Pheromones, ABRG,Department of Zoology, University of Oxford Asian elephants and many moths share a pheromone molecule
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mouse from Porter & Blaustein 1989 Science Progress
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Wyatt (2003) Pheromones  cover




This website offers an introduction to the science of pheromones, and some information about my work on them, in particular my the second edition of my textbook on pheromones and animal behaviour, published by Cambridge University Press in March 2014.

The book won the 2014 Best Postgrad textbook award from the Society of Biology. The judges wrote:

"Revised and extended since the first edition, this splendid, comprehensive resource covers both classic ideas in the field of chemical communication as well as recent advances, such as the surprising discovery that the chemoreceptors of insects and vertebrates evolved independently. ... more"

Pheromones featured on the cover of American Scientist for the February-March 2015 issue. Inside, I give a review of pheromones across the animal kingdom.

American Scientist cover

Pheromones are molecules used for chemical communication. They are evolved signals which elicit a specific reaction, for example, a stereotyped behaviour and/or a developmental process in a member of the same species. The same pheromone (or parts of it) can have a variety of effects, depending on the context or the receiver.

Pheromones have been found in species from almost every part of the animal kingdom, on land, in air and water Wyatt 2014, 2009). Invertebrates and vertebrates are similar to each other in the ways they use chemical communication; the parallels in uses and sensory processes are numerous, even if we are not always sure if this is by convergence or shared ancestor.

However, there is still a debate about what pheromones are and are not in chemical communication, particularly in mammals. I think the problem continues to be the distinction between a pheromone, a molecule(s) produced by all male mice, for example, and what I propose we call a signature mixture, an individual male’s distinctive mix of molecules, which a female mouse learns and uses to recognize him as a particular individual. The colony odors of social insects are also signature mixtures, learned by nestmates. Pheromones occur in a background of molecules which make up an animal’s chemical profile consisting of all the molecules extractable from an individual.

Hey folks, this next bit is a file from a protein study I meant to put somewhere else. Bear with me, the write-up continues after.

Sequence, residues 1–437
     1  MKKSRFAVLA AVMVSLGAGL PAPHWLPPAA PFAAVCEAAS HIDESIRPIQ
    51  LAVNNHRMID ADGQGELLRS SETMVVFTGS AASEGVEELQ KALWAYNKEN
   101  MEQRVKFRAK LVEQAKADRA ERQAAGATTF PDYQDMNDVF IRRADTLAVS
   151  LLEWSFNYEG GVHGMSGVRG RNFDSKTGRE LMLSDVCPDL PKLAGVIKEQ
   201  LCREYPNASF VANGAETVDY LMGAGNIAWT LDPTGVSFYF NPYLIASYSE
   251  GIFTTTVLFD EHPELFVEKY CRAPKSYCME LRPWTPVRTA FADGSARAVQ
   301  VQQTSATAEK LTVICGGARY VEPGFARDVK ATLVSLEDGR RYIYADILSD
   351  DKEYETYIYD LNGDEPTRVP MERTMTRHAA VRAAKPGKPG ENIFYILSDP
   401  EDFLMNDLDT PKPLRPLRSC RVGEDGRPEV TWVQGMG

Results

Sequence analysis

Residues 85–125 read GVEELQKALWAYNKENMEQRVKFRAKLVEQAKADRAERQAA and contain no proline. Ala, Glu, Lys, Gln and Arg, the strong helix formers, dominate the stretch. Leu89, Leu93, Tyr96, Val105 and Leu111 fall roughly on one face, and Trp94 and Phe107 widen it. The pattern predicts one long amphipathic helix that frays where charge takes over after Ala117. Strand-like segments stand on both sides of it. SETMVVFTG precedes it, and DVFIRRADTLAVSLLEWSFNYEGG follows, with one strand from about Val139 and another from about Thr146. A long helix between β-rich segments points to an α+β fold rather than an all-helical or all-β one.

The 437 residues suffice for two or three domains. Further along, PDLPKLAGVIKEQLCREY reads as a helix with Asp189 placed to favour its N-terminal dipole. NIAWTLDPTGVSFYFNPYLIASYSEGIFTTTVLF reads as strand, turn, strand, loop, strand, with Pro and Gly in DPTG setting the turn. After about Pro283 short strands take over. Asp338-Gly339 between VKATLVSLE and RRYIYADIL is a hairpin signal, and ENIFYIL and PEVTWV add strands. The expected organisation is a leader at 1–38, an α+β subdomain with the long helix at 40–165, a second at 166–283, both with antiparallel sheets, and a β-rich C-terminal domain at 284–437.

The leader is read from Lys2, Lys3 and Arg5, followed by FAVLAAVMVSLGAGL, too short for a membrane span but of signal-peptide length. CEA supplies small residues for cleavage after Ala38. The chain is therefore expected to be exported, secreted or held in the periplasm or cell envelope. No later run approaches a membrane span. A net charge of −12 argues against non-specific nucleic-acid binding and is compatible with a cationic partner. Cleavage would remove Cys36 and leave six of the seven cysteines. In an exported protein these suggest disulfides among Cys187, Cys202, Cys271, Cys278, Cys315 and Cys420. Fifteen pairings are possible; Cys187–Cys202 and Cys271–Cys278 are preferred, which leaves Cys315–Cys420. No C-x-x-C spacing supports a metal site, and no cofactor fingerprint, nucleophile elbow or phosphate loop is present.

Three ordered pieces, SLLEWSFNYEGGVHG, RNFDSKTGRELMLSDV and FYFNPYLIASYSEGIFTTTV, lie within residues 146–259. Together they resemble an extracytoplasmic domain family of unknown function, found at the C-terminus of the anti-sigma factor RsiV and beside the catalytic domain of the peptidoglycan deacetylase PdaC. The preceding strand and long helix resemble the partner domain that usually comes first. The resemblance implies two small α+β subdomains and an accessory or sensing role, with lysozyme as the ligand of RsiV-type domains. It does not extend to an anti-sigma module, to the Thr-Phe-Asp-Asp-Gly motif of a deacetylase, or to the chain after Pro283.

Signature mixtures are the subsets of variable molecules from the chemical profile that are learnt by other members of their species and used to recognize an organism as an individual or as a member of a particular social group such as a mongoose family group or ant colony (Wyatt 2010). ‘Signature’ is used as it implies individuality. A key difference between pheromones and signature mixtures is that in all taxa so far investigated it seems that signature mixtures need to be learnt (Wyatt 2014).

Among the surprises in recent years was the discovery that the Asian elephant Elephas maximus, shares its female sex pheromone, (Z)-7-dodecen-1-yl acetate, with some 140 species of moth. Whether humans have pheromones is discussed in Chapter 13 of Wyatt (2014).

[For more discussion of these ideas see Wyatt (2014)]

Pheromone news

Gresham College Lecture on human pheromones (video)

2nd edition of Pheromones and animal behavior wins Best Postgrad Textbook award from Society of Biology 2014 (Oct 2014)

Human pheromone TEDx talk hits 1 million views


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